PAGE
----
Law is the set of rules that governs human behavior in a society. It controls the actions and conduct of people to make sure that they act responsibly, ethically and in the best interest of the community. It also prevents conflict of interests between different individuals.
The Pure Theory of Law:
Hans Kelsen proposed the ‘pure theory of law’, which states that law does not seek to describe what must occur but instead defines certain rules that people have to abide by. He called this a ‘normative science’.
Savigny’s Definition of Law:
According to the historian Friedrich Karl von Savigny, law is not the product of direct legislation but rather is due to the silent growth of custom or the outcome of unformulated public or Professional opinion. It consists partly of social habitat and part of experience, and is superior to legislation in that it reflects the common consciousness (Volkgeist) of a society.
Legal interpretation is the process by which judges and lawyers try to match facts with the laws that apply in a dispute. It is important because it helps to clarify the meaning of statutes and other forms of legislation. Judges also use their judgments as precedents for future cases, so they often have to make careful choices about how to interpret statutes that have not been interpreted before them.
The task of legal interpretation can involve finding the correct linguistic meaning of a text or determining whether a statute is enforceable against a party. However, it can also involve finding the best way to resolve a dispute in the absence of a clear legal rule or principle.
Several types of hermeneutical techniques are used for this purpose. Two of the most common are originalism and textualism. In originalism, a judge must determine the original intent of the legislators who passed the law and follow that even if social conditions have changed since then.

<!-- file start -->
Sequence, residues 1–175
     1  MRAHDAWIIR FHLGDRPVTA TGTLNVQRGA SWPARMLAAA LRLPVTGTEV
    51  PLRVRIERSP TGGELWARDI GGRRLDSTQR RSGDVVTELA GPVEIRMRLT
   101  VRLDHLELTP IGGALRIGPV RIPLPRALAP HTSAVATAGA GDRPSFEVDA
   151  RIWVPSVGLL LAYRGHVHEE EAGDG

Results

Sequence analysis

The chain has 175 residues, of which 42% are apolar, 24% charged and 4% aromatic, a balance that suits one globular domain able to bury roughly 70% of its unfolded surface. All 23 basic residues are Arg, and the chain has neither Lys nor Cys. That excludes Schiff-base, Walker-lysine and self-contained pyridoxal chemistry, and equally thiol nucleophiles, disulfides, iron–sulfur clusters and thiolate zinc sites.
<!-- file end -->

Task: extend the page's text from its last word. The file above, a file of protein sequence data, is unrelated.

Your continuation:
Textualism imposes an even more conservative interpretation of the law, relying solely on the explicit words in a statute to find its “literal meaning”. It can be difficult for a judge to follow textualism when there are many other sources for the meaning of a given word or phrase.
Other types of hermeneutical techniques include deconstruction and reconstruction. In deconstruction, a judge considers the context of a passage to determine its meaning, while in reconstruction, a judge studies the structure of the sentence to decide what it means.
Hermeneutical techniques are most useful when the meaning of a statute is in doubt and the judge does not know what other sources exist to provide the answer. They can also be used when the judge is trying to preserve a particular piece of legislation or to ensure that it remains relevant in the future.
The rule of law:
The rule of law is the concept that everyone has rights and is protected by the government. These rights are guaranteed by a system of justice that is fair, accessible, and efficient. It is a foundation for all countries and a critical component of the functioning of any society.